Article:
Once the communists did away with God, they needed to replace both the Father figure and the moral code with their own inventions. The Father figure role was filled by the all-powerful State. The State is consistently portrayed by the Left as impartial, fair, all-knowing and the only agency capable of overcoming the massive forces that oppose their quest for compassion: Churches, businesses, the rich, etc. The State is capable of controlling prices, redistributing income, eliminating racism, even making us lose weight! Who needs a prayer when you have AFDC and WIC? Today, many in the environmental movement seem to favor “Gaia” as God, replacing the Lord with some hypothetical “will of the living planet.” Gaia, unlike the State, is an angry god who demands sacrifice: SUV’s must be destroyed, alongside petrochemicals and Western civilization.

Replacing the moral code was a little more difficult. First, they had to come up with something that implied quality in order to keep consistent with their Communist roots. Second, the State had no inherent moral code (unlike God.) The Left’s replacement code reflects the ultimate in Romanticism: Do what feels good. The Left gave everybody license to decide for themselves what they thought was right and wrong, rather than having to live by the moral code imposed externally by God. The doctrines of free love (hetero- or homosexual,) abortion on demand, multiculturalism, and indifference towards evil at home in the form of criminals at home and dictators abroad. All of these doctrines stem from the idea that there is not universal moral order, but only the good and evil that we decide for ourselves. Moralizing is the only thing that is absolutely immoral, because it implies superiority.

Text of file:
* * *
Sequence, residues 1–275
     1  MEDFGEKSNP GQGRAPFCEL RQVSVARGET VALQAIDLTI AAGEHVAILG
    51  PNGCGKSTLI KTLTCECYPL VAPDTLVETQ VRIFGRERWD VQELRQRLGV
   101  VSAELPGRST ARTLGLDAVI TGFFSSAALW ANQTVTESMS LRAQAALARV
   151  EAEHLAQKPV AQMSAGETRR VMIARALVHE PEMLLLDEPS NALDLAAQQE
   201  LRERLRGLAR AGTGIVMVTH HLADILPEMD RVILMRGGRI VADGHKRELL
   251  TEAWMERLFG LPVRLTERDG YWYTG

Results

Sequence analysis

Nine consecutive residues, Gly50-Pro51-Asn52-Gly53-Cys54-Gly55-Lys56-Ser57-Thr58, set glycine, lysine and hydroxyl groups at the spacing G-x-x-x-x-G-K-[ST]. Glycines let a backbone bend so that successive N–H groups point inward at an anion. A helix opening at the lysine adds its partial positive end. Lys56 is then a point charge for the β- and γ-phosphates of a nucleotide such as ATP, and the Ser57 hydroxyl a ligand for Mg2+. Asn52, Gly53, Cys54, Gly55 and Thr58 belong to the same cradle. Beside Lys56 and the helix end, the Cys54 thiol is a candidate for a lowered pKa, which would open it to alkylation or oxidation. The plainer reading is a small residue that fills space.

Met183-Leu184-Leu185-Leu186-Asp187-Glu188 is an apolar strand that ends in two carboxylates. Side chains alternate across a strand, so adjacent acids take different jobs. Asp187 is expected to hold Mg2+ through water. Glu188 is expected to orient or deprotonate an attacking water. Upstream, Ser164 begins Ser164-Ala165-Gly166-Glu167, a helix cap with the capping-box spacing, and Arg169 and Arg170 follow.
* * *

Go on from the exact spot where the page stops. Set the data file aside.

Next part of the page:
The Left combined the emotionalism of Romantic thought with the idea of the all-powerful State and the morality of the self, and formed a pseudo-religious political movement. They punish their heretics (Lieberman,) do their best to exorcise demons and blasphemy from their houses of worship (protesting speeches by conservatives, trying to re-institute the fairness doctrine, kicking religion out of the schools,) and offer sacrifices to their angry Gods (Kyoto, banning DDT, animal rights, etc.) just like any other religion. They are, however, much more dangerous than any other religion because they can credibly claim to be secularists and get away with spreading their filth in the public square with public money. Luckily (?), the War on Terror provides a number of opportunities for shattering the faith of most Leftists. It will only take one nuke exploding on American soil ti make most of them think like rationalists for a minute... and that is usually alkl it takes.

Want to join something bigger? Join the space movement!
Arnold Kling ends his article with the common rejoinder that many conservatives harp on - the emphasis of being a part of something larger than onesself. I have never felt the need to be a part of someone else's balawack at all. I have always been happiest when left alone to pursue my own choices and to live my own life. I know it sounds like an Ayn Rand cliche (and I don't even like Ayn Rand that much), but I really do consider my life to be my own and want nothing to do with any "larger scheme".